Wipro Chairman Azim Premji is among the honorees of this year's Carnegie Medal, considered the most prestigious prize in Philanthropy, for his efforts to reform India's public school system.
Wipro Chairman Azim Premji is among the honorees of this year’s Carnegie Medal, considered the most prestigious prize in Philanthropy, for his efforts to reform India’s public school system. Premji, 70, who founded the Azim Premji Foundation, is among the nine philanthropists named recipients of the 2017 Carnegie Medal of Philanthropy in “recognition of their outstanding and innovative leadership in philanthropy.” Carnegie Corporation said after transforming Wipro into a leading international corporation, Premji turned his attention toward the inequities in Indian society through efforts to improve the country’s public school system. “This extraordinary undertaking is driven by the Azim Premji Foundation’s direct field work, currently serving seven states and over 300,000 schools and with plans to expand,” it said in a statement yesterday.
The foundation went on to establish the Azim Premji University in 2011, with a focus on school education and related fields of human development. Forty-six per cent of the university’s student body comes from villages and small towns, with a majority committing to work in the social sector after graduation. “The foundation’s university and field institutions work synergistically toward the goal of creating a more equitable and just India,” it said.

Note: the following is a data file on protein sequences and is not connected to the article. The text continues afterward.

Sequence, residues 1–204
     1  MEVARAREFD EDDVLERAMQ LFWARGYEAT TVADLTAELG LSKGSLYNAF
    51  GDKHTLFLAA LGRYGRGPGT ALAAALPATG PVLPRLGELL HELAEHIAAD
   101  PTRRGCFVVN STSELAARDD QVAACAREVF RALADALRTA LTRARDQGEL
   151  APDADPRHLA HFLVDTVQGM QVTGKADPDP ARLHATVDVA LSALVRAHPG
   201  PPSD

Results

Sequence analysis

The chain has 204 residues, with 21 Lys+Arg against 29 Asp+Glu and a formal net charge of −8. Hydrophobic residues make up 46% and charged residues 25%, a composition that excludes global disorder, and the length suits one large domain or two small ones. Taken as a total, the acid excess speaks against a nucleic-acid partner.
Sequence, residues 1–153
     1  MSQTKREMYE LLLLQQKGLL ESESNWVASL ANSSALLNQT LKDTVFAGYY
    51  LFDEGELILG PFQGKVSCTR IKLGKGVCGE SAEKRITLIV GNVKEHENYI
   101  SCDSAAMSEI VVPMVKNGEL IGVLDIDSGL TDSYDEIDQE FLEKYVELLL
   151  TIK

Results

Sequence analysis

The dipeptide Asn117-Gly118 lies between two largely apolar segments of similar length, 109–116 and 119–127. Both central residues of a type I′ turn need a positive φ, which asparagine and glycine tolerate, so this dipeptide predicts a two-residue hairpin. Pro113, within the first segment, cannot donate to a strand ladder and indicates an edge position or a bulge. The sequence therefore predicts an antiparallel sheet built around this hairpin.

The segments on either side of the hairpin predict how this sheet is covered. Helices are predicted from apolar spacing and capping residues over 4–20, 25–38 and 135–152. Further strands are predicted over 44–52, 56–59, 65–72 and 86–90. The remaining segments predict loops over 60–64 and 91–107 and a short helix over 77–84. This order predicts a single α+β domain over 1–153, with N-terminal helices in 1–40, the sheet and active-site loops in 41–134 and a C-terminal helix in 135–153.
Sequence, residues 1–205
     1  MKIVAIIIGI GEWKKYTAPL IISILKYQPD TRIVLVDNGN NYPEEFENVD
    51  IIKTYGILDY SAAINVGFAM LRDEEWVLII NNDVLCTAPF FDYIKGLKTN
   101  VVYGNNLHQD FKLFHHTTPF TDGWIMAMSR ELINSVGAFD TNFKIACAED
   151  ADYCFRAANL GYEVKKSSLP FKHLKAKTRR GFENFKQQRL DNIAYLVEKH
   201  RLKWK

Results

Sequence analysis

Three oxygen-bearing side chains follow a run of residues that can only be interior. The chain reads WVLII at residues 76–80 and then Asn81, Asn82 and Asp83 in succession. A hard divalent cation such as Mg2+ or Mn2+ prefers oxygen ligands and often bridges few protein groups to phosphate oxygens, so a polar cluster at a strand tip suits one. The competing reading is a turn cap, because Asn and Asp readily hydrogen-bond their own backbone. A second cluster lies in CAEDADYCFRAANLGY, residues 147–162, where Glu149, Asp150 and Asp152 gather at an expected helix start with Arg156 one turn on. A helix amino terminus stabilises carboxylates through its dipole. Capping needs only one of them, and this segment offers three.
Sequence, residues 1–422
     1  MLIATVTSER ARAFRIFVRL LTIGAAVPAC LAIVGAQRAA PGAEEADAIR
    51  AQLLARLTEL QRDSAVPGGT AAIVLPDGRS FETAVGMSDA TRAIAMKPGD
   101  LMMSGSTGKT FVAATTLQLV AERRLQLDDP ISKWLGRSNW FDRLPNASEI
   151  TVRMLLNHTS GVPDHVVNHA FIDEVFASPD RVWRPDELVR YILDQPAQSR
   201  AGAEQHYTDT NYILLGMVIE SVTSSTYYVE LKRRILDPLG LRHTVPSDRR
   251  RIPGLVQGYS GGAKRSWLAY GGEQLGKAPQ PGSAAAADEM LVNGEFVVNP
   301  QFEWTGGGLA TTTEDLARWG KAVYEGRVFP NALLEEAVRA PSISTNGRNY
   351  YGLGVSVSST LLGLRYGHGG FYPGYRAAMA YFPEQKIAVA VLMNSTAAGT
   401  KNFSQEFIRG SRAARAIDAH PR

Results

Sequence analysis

The 2017 honorees of the Carnegie Medal, include Mei Hing Chak, founder of the Heung Kong Charitable Foundation in China, Julian Robertson of the Robertson Foundation focuses on high-impact grants in education, the environment, and medical research and American entrepreneur Jeff Skoll who founded the Skoll Foundation. “The recipients of the 2017 Carnegie Medal of Philanthropy were selected for their distinguished and longstanding contributions to the public good,” said Vartan Gregorian, president of Carnegie Corporation of New York. The medal reflects Andrew Carnegie’s enduring legacy of philanthropy and is rooted in two core principles. First: with wealth comes responsibility. Second: individuals, whether guided by religious, civic, humanistic, or democratic aspirations, have the transformative power to use wealth for the betterment of humankind.
The Carnegie Medal of Philanthropy was established in 2001 and is awarded every two years to individuals for their exemplary philanthropic work. The 22 Carnegie institutions in the US and Europe nominate the medalists, and a selection committee representing seven of those institutions makes the final selection. The honorees are recognised as catalysts for good whose philanthropy has had a significant and lasting impact on a particular field, nation, or community of people. The Carnegie institutions will award the medals during a formal ceremony here in October.